It boils down to regional preference, basically. That's part of the charm/headache of the English language. BK is dead on about no real right or wrong way to say it. I may say my car is dead but it could be a run down battery or out of gas; "dead" is being used as a general term for not working at the moment.

You would go nuts with the way English gets butchered around where I live. "I ain't got no" is commonly heard, as well as "fixing to", "yonder", "for a spell" and other idioms.
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Old 03-02-2017, 01:42 PM   #6
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Default Re: An English Question!

Err...

What about correct academic English? What should one say? I lean more toward "doesn't want to". Even "isn't" if taken within its tense, it would be that at the exact same time while trying, it is not working. I believe most, if not all, who inquire, do it away from the scenario of the act/test/trial/experiment.

Eh?

Oh yeah, EFL practitioners like myself seem to care more for academic English than ESL'ers.
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Old 03-02-2017, 04:20 PM   #7
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Default Re: An English Question!

Think of it this way.

Will / Is / Are (and many other words) represent a present tense, or current status without intervention to modify the future state. Therefore, if my car's spark plugs are all disconnected, my car "Will not start" regardless of how many times I attempt to turn the key.

Now I go plug in all the spark plugs. Therefore the state of the car has been modified. It now "may/might" start because I do not know if that was the only problem.

So I turn the key and it starts. Now my car (under it's current state of being) "will" start.

As with any language, context is important not only within the sentence, but also the situation.

[I believe] My car will start [until something else happens that changes the current state of operation].

"My car will not start" is a completely accurate sentence.
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Old 03-02-2017, 11:08 PM   #8
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Default Re: An English Question!

Right. "Will not start" is correct usage as it show the present state.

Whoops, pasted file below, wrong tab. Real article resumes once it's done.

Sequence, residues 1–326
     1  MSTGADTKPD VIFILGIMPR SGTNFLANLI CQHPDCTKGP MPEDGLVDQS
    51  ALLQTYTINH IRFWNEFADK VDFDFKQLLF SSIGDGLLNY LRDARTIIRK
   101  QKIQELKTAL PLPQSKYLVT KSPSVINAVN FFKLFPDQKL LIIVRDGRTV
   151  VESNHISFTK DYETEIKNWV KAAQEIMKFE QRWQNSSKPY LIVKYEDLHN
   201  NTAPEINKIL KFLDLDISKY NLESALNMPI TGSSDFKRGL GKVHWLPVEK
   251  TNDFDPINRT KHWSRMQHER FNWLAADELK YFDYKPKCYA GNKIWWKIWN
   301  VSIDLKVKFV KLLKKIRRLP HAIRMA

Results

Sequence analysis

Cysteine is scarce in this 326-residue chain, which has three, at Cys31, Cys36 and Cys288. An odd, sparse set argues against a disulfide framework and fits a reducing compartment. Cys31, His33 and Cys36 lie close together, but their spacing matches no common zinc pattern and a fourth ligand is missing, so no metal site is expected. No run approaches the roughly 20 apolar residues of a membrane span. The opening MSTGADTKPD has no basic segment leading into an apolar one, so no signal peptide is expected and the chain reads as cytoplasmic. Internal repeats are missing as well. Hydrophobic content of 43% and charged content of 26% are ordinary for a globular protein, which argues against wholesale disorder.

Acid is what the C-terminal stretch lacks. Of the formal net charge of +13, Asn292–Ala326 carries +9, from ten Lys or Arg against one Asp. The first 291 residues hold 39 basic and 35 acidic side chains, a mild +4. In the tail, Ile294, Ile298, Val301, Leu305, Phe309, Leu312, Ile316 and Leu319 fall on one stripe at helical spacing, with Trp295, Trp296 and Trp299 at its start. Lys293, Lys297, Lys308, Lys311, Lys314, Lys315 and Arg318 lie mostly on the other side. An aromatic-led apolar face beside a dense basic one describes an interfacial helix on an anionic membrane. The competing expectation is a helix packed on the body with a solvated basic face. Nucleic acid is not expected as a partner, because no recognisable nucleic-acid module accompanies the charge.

"My car will not start no matter how many times I turned the key!"

"I turned the key but my car won't start!"
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Old 03-03-2017, 02:57 AM   #9
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Default Re: An English Question!

Either will not or does not are correct uses.
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Old 03-03-2017, 03:06 AM   #10
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Default Re: An English Question!

I see...

I do read their posts and they use "will not" under conditions the car should normally start but fails because there is a problem they want to find. In Arabic this is never used unless there is a known modification preventing the car from starting. Like if I remove the battery and my brother threatens me to take the care to wash it for me and I tell him "ha, it will not/won't start".

But I think it's become a trend that in English if something that suppose to work but doesn't work no matter what, one says it will not start. That's something non native speakers could ponder upon. If you ask me, I think now I understand saying "won't start" if the complaint is made while or right after trying to have it start and failing to get it to start after so many tries. That's the impression I get when I read that on my monitor and that's why it hit me, I guess, because it feel weird that someone is posting the statement while trying to start the car or immediately right after it refuses to.

But it's clear for me now. Thanks!